That'd be annoying. My old NAS developed that kind of noise, it's usually caused by a loose inductor / transformer. I fixed my NAS PSU with some varnish as it was out of warranty. As your PSU is new I'd get it repaired / replaced, it's quite possible the problem developed in transit.

    If you wanted to test my theory try pluging in something else that draws a fair amount of current e.g a heater.

    Also if you've got a multimeter check the mains voltage with A/C on and off.

    [edit] Reason I'm suggesting you try to determine how the A/C is causing the fault to come to light is if you're going to return it under warranty it helps a lot if you can describe what causes the problem else some tech might just plug it in and conclude there's nothing wrong with it.
     
    Last edited: Dec 18, 2014
  8. OP
    OP
    interlopr

    interlopr Member

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    Thanks for your help, I'll be sure to grab a multimeter and check.

    My AC has a setting on it for it to just blow Air, And when that is on, The buzz doesn't happen, Only when Heating or Cold air is applied.

    I'm going to head over to a friends house tomorrow and test my system there and load up there house to see if I can replicate the issue
     
  9. RobRoySyd

    RobRoySyd Member

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    Air only means the compressor isn't running and that's what draws all the power.
     
  10. LINUX

    LINUX Member

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    When the mains voltage drops the PSU will draw more current, it is a constant power device (ideally). This would explain why it buzzes (more?) when the ac is on. It may also indicate iffy wiring in your house, but that's something a sparky should comment on, I'm an engineer.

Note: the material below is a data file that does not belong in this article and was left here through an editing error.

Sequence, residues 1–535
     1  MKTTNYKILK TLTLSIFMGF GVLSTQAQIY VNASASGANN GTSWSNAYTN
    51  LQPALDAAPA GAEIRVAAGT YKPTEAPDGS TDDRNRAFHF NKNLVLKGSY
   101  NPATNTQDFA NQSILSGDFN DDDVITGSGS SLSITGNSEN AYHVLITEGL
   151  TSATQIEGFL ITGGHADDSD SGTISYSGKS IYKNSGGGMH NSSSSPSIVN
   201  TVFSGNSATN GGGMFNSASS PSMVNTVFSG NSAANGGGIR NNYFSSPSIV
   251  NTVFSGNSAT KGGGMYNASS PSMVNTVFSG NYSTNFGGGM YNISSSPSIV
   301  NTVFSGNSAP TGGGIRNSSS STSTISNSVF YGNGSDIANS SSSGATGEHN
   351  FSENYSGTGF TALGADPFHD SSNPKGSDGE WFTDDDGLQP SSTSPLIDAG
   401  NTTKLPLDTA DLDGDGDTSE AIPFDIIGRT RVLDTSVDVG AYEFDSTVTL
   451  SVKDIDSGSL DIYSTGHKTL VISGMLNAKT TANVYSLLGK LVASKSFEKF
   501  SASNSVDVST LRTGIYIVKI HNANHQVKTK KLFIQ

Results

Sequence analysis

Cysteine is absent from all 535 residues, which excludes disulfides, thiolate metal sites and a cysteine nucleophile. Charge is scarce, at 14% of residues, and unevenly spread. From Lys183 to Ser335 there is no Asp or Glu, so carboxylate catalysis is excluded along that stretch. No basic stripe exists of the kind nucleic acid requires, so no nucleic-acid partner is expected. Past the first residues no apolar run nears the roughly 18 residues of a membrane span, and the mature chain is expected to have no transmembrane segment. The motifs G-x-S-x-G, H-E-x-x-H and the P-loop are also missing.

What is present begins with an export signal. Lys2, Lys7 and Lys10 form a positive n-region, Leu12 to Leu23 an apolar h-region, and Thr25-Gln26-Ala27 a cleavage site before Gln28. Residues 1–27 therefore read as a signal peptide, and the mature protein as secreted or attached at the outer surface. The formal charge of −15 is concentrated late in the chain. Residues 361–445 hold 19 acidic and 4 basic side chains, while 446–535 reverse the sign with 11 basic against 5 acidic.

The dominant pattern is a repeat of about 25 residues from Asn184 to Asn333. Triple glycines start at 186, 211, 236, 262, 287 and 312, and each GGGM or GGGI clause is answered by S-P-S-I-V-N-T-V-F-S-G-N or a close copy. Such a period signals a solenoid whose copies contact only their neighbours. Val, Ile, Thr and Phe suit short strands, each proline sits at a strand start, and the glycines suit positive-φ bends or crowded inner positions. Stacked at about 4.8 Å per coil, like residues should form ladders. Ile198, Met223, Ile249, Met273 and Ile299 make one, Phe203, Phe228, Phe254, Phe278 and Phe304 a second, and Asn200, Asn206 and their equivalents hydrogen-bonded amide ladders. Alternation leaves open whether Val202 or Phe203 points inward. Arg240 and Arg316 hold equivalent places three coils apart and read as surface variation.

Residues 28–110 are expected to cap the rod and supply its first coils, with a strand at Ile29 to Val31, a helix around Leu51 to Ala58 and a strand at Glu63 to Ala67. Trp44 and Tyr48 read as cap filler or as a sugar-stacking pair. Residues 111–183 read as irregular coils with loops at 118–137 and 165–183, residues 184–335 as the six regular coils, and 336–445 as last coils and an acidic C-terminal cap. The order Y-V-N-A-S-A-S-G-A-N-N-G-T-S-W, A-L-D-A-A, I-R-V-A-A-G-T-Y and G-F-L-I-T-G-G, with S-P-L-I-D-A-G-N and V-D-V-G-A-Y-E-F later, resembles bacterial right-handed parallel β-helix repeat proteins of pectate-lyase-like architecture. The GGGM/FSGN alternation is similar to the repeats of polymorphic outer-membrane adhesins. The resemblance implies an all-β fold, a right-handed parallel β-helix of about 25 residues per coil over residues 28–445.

One thing you can do is a load test. Unless the AC is, like, halving the mains voltage (it won't be) you should hear the buzzing with Furmark+hyper-pi running. If that doesn't cause the buzzing I would suspect the AC's inverter causing electrical noise but you'd need an oscilloscope to measure it easily.

    Also: if you record the buzz and do a spectrum analysis in Audacity or similar it will provide information. If the buzz is not a 50Hz harmonic (100/150/200Hz etc) then it is more likely to be a noise issue than a voltage drop one.
     
  11. RobRoySyd

    RobRoySyd Member

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    Nothing likely to make a sound inside a SMPS runs at mains frequency.
     
  12. LINUX

    LINUX Member

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    The input RFI chokes would (although I'll admit that a lot of PSUs don't have them); the switching frequency would be high enough to be described as a whine, not a buzz.